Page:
Bee Smoker Design for Third World Beekeeping
I should start by stating the official name of this smoker is the “3 can Jackson-Taylor bee smoker” (version 1). Maybe it will be called the “3-can smoker” or the “Jackson-Taylor” smoker in time, who knows.
About the Jackson part of the name, that would be Paul Jackson, a fellow Aggie and the Texas State Entomologist. You know, like the head honcho beekeeper for the entire state of Texas. His main job is really about keeping bee diseases from epidemic levels in Texas. That boils down to keeping AFB (American Foul Brood) below 2% in Texas managed hives. His other passion is bee smokers. I had the pleasure of interviewing Paul about his bee smoker collection and made a mini documentary out of it. It was during that trip that we collaborated to build a third world country bee smoker.
The idea is to make a very simple smoker that can be built with the most basic of tools, power tools are forbidden, and the design is low tolerance that even a Wagogo hill tribesman in Tanzania could make a good smoker with scrap. I think we’ve done it.
This smoker is not for use in civilized countries where you can buy a good smoker. It is more dangerous than a store bought smoker. Do NOT be cheap and make your own. I’m not responsible for burns or fires you accidentally cause.
My Video on The History of Bee Smokers with Paul Jackson
How to make the smoker:
- Requires 3 steel cans – 2 of same size, 1 slightly smaller in diameter (no aluminium cans – they can’t take the heat)
- Plastic or leather for bellows
- Wood planks for bellows (maybe metal in a pinch)
- Staples/wire/nails to affix bellows fabric to bellows backs.
- Screws (could use wire instead)
- optional 4th can be used as a safety burn shield
- Hammer or a good rock
- Tin snips or a hacksaw or a sharp machete
- Nail to poke holes in cans
- Wooden can-wedge of the diameter of the larger can. This is used to brace a can from being crushed when nailing a hole thru it.
- Screwdriver (if using screws)
- Pliers (optional)
It takes about 2-4 hours to build this, assuming you have scrap boards available. If you have to chop down a tree for wood, that will obviously take longer.
Step 1 – The Fire Chamber
Of the two big cans, take one and mark a circle for the incoming air hole where the bellows will blow in air. The hole should be right at the bottom of the can. This hole should be about the thickness of a finger. Bear in mind that the bellows hole will be smaller than this. The idea is that the pushed air will come thru the hole into the bottom of the can and under the fire grate.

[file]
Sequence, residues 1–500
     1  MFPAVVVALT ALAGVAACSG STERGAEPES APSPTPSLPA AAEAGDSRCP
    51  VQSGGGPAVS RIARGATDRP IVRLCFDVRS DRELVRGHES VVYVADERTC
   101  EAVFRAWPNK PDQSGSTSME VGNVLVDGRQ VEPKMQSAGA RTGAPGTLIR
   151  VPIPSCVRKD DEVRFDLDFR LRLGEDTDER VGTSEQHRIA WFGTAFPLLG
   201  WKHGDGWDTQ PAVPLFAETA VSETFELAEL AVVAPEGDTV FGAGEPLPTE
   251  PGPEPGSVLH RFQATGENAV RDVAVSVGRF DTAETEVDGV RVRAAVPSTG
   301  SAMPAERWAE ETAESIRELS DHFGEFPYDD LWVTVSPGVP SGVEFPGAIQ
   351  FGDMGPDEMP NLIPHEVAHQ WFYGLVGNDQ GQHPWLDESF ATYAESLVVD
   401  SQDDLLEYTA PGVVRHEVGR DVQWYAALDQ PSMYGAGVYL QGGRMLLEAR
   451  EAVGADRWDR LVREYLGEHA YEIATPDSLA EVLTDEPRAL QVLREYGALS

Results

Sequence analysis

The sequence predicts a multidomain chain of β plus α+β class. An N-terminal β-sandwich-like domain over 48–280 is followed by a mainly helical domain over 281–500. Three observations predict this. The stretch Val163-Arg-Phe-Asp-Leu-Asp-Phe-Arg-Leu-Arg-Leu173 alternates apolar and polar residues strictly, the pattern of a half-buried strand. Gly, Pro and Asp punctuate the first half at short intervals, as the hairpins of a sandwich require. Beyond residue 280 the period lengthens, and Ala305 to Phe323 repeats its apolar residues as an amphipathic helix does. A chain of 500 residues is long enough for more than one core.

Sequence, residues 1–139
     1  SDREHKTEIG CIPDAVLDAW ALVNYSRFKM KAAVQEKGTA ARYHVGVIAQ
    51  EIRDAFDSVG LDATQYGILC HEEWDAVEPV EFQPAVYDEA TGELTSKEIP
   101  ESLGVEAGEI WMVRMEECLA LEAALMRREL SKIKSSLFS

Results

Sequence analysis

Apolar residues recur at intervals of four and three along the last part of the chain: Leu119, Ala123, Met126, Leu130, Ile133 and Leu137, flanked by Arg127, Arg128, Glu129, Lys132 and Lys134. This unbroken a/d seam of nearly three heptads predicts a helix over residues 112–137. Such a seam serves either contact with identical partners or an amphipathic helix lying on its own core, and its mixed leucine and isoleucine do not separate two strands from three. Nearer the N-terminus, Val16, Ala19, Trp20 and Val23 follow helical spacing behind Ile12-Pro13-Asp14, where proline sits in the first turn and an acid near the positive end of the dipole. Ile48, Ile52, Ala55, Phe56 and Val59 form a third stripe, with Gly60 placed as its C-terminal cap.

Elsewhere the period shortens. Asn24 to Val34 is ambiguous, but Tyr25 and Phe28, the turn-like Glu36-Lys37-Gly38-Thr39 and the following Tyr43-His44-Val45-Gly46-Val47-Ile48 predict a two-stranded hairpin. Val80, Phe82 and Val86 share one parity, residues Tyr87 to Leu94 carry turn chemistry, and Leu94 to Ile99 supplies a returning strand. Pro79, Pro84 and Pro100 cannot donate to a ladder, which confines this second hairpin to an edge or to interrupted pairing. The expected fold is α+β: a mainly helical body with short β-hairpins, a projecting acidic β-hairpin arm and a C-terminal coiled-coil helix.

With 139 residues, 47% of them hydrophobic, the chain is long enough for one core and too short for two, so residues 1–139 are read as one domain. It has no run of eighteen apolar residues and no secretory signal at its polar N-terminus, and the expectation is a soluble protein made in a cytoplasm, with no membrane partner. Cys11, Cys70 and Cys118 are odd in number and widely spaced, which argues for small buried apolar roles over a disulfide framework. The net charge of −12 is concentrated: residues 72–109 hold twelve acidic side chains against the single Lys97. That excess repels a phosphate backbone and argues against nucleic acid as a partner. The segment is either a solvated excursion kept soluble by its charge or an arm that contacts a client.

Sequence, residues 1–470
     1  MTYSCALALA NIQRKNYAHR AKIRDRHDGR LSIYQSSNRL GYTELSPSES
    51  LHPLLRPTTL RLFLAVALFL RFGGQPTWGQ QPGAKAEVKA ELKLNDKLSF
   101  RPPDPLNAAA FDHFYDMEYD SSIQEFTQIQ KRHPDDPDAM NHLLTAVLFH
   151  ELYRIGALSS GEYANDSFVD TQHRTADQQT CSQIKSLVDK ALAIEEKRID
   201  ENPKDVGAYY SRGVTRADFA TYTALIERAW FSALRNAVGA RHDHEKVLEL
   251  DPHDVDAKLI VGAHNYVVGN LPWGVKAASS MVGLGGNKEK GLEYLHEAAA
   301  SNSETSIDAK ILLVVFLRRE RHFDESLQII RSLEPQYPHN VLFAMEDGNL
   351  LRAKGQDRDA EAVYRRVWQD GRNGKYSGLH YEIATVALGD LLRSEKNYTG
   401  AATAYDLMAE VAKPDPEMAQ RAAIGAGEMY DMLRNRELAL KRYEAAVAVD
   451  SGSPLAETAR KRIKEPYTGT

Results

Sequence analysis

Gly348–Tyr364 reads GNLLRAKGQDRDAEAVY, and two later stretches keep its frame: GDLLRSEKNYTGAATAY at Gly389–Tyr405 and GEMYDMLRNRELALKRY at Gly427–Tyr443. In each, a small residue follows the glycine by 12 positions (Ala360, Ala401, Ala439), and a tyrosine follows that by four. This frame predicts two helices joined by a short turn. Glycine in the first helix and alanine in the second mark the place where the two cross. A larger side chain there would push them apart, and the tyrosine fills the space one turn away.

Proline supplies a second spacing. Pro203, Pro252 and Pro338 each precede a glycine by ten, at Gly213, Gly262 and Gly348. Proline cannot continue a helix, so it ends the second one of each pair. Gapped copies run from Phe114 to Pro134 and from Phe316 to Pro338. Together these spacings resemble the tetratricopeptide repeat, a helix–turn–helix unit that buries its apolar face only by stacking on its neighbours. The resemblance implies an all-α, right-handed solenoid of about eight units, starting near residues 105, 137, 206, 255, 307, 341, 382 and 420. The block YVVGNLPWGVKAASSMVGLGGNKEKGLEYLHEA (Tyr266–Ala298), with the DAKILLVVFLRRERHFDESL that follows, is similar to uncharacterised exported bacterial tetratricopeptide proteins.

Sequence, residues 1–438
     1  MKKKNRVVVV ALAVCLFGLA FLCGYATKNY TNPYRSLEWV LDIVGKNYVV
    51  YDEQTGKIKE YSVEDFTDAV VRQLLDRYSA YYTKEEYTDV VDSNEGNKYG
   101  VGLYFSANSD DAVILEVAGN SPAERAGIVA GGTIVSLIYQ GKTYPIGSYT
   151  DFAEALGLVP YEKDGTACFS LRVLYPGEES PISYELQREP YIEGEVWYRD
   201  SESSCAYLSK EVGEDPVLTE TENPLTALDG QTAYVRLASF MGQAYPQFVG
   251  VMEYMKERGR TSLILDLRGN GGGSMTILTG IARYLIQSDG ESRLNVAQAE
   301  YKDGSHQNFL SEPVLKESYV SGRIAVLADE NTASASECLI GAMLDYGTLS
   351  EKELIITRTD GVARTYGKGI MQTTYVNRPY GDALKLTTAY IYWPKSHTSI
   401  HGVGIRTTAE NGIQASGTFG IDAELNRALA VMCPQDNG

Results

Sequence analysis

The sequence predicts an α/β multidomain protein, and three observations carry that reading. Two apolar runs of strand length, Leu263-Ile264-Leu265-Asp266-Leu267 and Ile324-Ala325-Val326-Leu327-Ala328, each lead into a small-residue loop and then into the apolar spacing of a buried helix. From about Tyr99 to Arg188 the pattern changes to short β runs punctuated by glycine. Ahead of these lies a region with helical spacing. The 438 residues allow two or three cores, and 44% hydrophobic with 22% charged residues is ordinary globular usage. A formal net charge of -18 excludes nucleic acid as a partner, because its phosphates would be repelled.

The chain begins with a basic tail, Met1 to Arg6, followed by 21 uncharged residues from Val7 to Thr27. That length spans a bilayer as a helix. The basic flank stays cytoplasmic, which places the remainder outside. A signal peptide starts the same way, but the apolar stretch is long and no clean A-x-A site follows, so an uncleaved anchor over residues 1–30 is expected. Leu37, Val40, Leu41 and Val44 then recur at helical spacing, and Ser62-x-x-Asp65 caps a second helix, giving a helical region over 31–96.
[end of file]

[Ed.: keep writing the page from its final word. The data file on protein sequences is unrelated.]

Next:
Once you’ve marked a rough circle on this can, use the wooden can-wedge to brace the can so you are able to use a hammer and nail to punch an outline of the hole into it. The wedge keeps the can from collapsing from the pressure of hammering.
Then take the nail and poke a perimeter around the air hole. Eventually, you can use the nail to pry the metal circle off the can.
Well, cool, we’ve got the fire chamber can done. If you want, you can jam a rock in the hole and spin it to smooth out the edges. You can put that fire chamber can down and start on the fire grate
Step 2 – Fire Grate
Now we need a fire grate. The fire grate is simply a can bottom of the smaller can. Just tall enough of the bottom to be taller than where the air hole comes in. So that the blown air comes under the fire grate.
Step 3 – The Bellows
This is fairly straight forward – you need to cut two blocks of flat wood about 8″ tall and 6″ wide and hopefully 1/2″ thick. If you don’t’ have a ruler, translate that into the width of an open hand tall, the width of a closed hand wide, and a thumb width thick. You could use metal, perhaps, but I’m expecting you’ll use wood.
A machete can cut down a tree of the right width. Once down the determined beekeeper can cut out a log, and using a machete as a draw knife, can fashion two boards of reasonable flatness. I’m not going to go too much into this part, but I’ve been deep in the bush and know what a machete can do wielded by a skilled hand. How fast it can be done will impress you, just stay clear of his swing.
The bellows cloth should be thin leather or heavy plastic. I’ll assume that the most likely path will be using wood boards and heavy plastic.
Step 4 – Mounting the Bellows to the Fire Chamber
There is 3/4 of the small can leftover. It will be used to attach the bellows to the fire chamber. But first, fold in the edges of the can to reduce dangerous sharp edges and also to strengthen the can.
Whoops, no pictures of knocking holes into the fire chamber. Well, here’s the scoop. Once you attach the bellows, there are screw tips pointing into the fire chamber and you will have trouble getting the fire grate in or out. I recommend inserting the fire grate in first before attaching.
Step 5 – Smoker Cap
The last is putting on the smoker cap. This cap has multiple uses:
- It can hold extra fuel
- It focuses the smoke in directional manner
The last can to be used is the same sized (diameter at least) can as the fire chamber can. First, we’ll cut out a hole like we did for the air hole inlet in the fire chamber. Next, we’ll need to make a way to get a compression fit to slide it a little ways into the fire chamber.